What are you losing now by not pursuing your next business or opportunity in another industry, or a different goal or dream? Ideas are infinite, but time is finite. You have a limited number of ideas you can pursue in your lifetime.

Again, the decision to sell your business should always begin with a thorough and careful review of your long-term goals. If your goals are unclear, then the decision to sell your business will be based on a rocky foundation. It will be harder for you to commit to the sale without a definite goal, and this uncertainty will minimize the overall value you extract from the transaction.

Do you need to sell your business to achieve your financial goals?

If you must sell your business to achieve your financial goals, consult with a financial planner to ensure you can meet your financial objectives upon a sale and meet with a CPA to consider the tax implications of the sale.

For most owners, the sale of their business achieves a personal long-term objective. They depend on the sale to help them accomplish their financial goals. But it’s important to separate your financial goals from your non-financial goals to establish a clear outline of what you want. 

It’s not always necessary to start your planning process with numbers – after all, money is always a means to an end and not an end to itself. Remember as business author David Baughier once said, Once you have enough money, it’s not about the money.Instead, ask yourself what stands behind the numbers. First, clarify your long-term goals, and then assign numbers to the goal, if possible. 

Ask yourself these key questions to clarify your financial and non-financial goals:

  • What are my financial goals? 
  • How do these fit into my long-term plans? 
  • What is more important – my financial goals or other goals I may have set? 
  • What am I going to do with the money? 
  • Is my goal to take money off the table and diversify my risk? 

What other goals can you achieve if you sell your business?

“The price of anything is the amount of life you exchange for it.”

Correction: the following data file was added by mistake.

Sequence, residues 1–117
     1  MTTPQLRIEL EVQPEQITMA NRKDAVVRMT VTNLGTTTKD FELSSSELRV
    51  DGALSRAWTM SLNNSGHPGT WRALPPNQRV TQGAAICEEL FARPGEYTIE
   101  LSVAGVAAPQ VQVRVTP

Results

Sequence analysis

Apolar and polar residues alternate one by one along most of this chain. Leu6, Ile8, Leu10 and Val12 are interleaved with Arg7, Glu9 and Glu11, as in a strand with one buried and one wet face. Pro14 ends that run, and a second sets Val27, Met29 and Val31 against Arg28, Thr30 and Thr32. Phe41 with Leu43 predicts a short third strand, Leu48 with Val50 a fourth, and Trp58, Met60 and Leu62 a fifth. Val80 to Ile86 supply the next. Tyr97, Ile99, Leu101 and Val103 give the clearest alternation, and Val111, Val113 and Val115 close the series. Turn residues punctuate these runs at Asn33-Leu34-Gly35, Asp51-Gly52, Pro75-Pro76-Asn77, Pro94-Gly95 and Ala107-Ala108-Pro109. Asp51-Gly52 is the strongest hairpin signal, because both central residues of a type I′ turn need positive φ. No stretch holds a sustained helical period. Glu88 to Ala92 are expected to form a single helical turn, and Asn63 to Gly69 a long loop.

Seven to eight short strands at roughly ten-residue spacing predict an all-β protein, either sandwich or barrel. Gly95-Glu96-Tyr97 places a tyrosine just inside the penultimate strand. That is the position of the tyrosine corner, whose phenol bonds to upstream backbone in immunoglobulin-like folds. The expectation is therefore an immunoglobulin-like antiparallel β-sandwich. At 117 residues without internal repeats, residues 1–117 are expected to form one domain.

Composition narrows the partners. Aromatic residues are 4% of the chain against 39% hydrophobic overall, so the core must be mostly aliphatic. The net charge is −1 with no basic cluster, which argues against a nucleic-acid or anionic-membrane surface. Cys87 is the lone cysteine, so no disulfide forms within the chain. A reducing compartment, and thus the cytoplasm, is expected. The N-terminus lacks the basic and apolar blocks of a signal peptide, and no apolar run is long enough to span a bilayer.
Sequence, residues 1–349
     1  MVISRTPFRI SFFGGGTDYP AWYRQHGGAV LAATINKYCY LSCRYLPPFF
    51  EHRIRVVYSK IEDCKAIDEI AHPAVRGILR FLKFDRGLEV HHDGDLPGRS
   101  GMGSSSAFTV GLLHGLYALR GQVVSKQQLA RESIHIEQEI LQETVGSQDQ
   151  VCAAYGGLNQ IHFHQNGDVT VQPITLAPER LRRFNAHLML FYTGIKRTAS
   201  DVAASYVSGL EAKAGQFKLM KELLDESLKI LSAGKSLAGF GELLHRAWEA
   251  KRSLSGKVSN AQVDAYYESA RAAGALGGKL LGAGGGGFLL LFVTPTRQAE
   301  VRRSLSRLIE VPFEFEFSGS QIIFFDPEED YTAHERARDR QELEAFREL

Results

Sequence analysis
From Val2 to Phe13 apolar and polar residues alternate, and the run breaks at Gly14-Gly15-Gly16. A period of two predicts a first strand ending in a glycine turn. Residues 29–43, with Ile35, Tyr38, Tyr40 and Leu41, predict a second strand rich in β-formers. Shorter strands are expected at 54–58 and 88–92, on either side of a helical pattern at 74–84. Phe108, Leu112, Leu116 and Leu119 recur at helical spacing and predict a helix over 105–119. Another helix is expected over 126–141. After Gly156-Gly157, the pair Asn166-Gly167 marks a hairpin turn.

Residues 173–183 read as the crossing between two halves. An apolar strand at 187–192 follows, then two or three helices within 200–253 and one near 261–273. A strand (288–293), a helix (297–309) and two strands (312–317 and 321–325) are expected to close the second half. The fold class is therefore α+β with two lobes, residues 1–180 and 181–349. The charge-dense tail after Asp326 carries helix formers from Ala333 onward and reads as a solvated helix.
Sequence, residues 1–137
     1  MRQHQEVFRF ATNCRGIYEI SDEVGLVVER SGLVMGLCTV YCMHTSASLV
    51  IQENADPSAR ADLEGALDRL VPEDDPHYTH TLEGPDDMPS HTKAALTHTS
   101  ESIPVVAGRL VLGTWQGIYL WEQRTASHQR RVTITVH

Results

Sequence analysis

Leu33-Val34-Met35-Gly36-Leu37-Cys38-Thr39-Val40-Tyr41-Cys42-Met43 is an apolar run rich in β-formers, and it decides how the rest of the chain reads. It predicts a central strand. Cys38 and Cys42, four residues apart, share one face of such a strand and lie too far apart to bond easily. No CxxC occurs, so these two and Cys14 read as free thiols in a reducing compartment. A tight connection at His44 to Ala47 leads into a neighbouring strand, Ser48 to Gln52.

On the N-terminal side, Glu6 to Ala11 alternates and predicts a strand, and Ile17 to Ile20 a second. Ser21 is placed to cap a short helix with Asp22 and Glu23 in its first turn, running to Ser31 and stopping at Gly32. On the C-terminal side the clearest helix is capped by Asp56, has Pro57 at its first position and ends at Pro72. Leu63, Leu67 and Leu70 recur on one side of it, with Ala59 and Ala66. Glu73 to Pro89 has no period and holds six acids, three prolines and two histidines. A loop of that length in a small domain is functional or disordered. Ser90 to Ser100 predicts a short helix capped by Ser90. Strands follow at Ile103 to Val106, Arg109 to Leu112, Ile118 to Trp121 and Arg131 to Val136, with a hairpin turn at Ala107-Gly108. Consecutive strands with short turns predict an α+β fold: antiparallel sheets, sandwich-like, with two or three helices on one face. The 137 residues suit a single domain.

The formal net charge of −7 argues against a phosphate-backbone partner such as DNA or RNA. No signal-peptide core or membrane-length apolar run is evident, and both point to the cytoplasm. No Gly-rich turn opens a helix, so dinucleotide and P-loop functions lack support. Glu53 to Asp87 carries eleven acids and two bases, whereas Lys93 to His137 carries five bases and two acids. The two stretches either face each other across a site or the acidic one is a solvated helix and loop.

– Henry David Thoreau, American Author and Philosopher

When making the decision to sell your business, consider the lost opportunity cost. Pursuing opportunities is a mutually exclusive decision if you believe in focus. Chasing after more than one objective at a time dilutes your focus and lowers your chance of overall success. There is a significant lost opportunity cost to holding onto a business where you have lost your passion, especially if its value erodes. What other opportunities are you passionate about that you could be pursuing?

If remaining in your business is costing you $500,000 per year due to the value you place on lost opportunities, holding onto your business for an additional three years will cost you $1,500,000. If your company is worth $5 million, it may make more sense to sell your business now for $4 million and experience a $1 million short-term loss rather than lose $500,000 per year in lost opportunities.

While the decision to sell your business can’t always be reduced to numbers, it can be helpful to look at a sale from multiple angles, including both quantitative and qualitative perspectives.

In addition to lost opportunity costs, you need to consider the current state of your industry. Not all industries are created equal and careful consideration must be given as to when to jump from one ship to another.